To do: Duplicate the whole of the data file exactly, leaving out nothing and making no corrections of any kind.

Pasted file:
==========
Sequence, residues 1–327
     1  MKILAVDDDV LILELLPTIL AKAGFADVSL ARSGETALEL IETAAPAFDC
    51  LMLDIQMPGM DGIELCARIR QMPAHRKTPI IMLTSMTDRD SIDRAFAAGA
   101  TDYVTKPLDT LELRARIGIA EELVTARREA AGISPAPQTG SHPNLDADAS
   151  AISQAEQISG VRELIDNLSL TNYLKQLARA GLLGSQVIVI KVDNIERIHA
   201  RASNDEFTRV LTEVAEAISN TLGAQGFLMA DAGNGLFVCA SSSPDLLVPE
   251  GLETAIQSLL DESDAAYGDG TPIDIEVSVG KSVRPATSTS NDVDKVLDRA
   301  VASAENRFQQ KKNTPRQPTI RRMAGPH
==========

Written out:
Sequence, residues 1–327
     1  MKILAVDDDV LILELLPTIL AKAGFADVSL ARSGETALEL IETAAPAFDC
    51  LMLDIQMPGM DGIELCARIR QMPAHRKTPI IMLTSMTDRD SIDRAFAAGA
   101  TDYVTKPLDT LELRARIGIA EELVTARREA AGISPAPQTG SHPNLDADAS
   151  AISQAEQISG VRELIDNLSL TNYLKQLARA GLLGSQVIVI KVDNIERIHA
   201  RASNDEFTRV LTEVAEAISN TLGAQGFLMA DAGNGLFVCA SSSPDLLVPE
   251  GLETAIQSLL DESDAAYGDG TPIDIEVSVG KSVRPATSTS NDVDKVLDRA
   301  VASAENRFQQ KKNTPRQPTI RRMAGPH